Better HOOF Health: Taking a United Approach to Battle Costly Problems in Canadian Barns

Better HOOF Health: Taking a United Approach to Battle Costly Problems in Canadian Barns

Major initiatives to use research results to improve hoof health in Canadian dairy farms are underway across Canada.

What’s our hoof health status?

b21-150x150The Alberta Hoof Health project, which ended in 2012, measured the hoof lesions in 578 herds in 3 provinces (BC, Alberta and Ontario) from trim records for 80,533 individual cows along with dairy production data.  The Hoof Supervisor ® hoof lesion recording system was used by provincial groups of trimmers to collect hoof data.


A preliminary picture of the situation – 30-60% of cows have at least one hoof lesion:


The province of New Brunswick is collecting hoof health data until the end of 2015 in 210 dairy herds and the province of Quebec will be collecting data from 24 hoof trimmers over a two-year period.

Current research: A national network approach

b23-150x150.jpgA national project supported under the Dairy Research Cluster (2104-2018) is focusing on improving hoof health in Canadian dairy herds using genetics and management tools. They are standardizing data collection across the country to provide a routine flow of information to the Canadian Dairy Herd Improvement databank. From there, an analysis of the genetic traits that are associated to hoof health will be done and an index developed to allow farmers to select animals on the basis of hoof health, among other indicators. A system will be developed to provide reports to farmers for management decision-making.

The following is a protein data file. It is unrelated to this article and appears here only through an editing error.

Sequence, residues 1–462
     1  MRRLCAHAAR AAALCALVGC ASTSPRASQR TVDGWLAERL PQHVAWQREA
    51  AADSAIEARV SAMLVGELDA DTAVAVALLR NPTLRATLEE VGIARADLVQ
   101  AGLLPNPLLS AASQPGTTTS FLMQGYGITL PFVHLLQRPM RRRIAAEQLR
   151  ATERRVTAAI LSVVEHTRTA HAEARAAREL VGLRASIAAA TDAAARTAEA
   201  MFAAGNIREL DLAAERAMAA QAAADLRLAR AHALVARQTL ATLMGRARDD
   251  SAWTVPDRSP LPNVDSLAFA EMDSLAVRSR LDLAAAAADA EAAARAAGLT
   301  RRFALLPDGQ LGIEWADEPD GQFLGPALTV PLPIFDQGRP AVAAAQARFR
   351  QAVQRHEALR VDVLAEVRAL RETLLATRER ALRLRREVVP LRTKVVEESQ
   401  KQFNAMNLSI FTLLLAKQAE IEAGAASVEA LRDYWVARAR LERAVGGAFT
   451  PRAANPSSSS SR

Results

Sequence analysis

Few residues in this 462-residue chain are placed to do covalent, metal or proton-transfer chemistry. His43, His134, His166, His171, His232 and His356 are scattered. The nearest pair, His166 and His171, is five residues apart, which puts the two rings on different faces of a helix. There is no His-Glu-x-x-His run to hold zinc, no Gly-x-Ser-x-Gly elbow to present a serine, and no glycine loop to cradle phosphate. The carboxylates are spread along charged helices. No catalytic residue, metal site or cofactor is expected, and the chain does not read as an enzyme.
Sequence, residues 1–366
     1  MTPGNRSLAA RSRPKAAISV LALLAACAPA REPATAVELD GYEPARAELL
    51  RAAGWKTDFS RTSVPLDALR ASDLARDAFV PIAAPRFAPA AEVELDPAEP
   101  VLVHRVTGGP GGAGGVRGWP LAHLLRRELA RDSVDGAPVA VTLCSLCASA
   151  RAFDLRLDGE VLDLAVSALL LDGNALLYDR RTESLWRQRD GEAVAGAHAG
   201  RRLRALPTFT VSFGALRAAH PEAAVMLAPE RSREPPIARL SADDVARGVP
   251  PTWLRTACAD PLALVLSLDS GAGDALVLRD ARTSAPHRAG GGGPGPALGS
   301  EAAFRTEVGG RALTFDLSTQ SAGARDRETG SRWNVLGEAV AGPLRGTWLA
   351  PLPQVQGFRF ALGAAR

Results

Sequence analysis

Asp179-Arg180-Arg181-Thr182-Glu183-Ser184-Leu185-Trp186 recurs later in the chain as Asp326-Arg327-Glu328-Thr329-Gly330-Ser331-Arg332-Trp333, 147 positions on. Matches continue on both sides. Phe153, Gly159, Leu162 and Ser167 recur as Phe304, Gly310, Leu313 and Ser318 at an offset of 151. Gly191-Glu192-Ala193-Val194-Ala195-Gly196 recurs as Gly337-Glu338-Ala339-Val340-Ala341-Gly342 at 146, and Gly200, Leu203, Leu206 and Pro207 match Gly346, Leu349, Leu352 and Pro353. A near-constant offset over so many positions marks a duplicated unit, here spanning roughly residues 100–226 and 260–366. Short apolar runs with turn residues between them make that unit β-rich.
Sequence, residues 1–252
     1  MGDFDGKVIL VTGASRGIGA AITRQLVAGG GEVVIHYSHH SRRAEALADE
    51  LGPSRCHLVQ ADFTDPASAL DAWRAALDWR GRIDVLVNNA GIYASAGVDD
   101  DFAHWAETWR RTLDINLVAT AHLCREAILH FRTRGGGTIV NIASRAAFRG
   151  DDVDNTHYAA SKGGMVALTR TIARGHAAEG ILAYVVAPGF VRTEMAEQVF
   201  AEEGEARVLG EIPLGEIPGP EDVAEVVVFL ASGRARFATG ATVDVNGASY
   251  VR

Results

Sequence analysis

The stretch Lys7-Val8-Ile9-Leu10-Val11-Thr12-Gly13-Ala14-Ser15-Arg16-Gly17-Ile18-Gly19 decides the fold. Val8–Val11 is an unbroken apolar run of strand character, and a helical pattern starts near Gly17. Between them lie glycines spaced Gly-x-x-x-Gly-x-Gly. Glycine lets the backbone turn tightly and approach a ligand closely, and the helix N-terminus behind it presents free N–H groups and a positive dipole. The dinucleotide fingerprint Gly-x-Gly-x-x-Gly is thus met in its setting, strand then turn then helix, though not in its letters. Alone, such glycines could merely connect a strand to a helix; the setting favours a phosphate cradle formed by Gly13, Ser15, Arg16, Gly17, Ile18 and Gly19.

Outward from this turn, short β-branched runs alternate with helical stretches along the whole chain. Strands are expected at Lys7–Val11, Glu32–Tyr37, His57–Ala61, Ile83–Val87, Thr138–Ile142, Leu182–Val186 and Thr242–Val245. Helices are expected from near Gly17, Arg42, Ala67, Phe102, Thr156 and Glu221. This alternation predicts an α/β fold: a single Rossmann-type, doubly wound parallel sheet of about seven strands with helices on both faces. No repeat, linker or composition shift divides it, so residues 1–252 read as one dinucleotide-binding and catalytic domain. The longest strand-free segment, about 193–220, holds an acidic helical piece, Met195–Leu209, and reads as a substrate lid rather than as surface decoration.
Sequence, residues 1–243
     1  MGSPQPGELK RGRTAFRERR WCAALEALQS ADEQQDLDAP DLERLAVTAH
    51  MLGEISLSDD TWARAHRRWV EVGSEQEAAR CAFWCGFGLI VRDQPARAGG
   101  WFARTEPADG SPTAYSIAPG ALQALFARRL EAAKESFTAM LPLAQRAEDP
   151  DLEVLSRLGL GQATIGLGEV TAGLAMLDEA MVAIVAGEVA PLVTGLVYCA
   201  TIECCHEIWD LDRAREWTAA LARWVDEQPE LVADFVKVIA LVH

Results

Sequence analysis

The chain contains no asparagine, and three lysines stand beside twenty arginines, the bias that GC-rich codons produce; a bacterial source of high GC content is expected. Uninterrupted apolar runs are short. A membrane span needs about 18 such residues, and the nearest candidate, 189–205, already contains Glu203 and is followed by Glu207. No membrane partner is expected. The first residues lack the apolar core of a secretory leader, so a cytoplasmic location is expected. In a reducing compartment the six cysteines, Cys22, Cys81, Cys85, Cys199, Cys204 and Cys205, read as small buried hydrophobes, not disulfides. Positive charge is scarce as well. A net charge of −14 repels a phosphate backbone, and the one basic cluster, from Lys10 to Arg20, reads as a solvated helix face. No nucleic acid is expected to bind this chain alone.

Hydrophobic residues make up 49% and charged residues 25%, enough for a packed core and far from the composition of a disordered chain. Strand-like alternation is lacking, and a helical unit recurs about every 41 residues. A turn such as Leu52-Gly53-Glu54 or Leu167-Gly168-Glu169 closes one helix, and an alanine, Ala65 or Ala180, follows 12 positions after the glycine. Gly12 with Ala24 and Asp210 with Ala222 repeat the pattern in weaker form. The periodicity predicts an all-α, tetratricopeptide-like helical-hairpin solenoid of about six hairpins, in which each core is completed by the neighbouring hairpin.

Knowledge and resources for farmers on hoof health

There is a wealth of information available for Canadian dairy farmers on hoof health issues including Digital Dermatitis (DD), footbaths, claw trimming and much more on the Blog developed by Dr. Steve Mason of Alberta.


For instance, the blog has the latest information on ZINPRO’s new Digital Dermatitis application and an interview with Roger Blowey on cattle lameness and recent thinking on the causes and control of DD.

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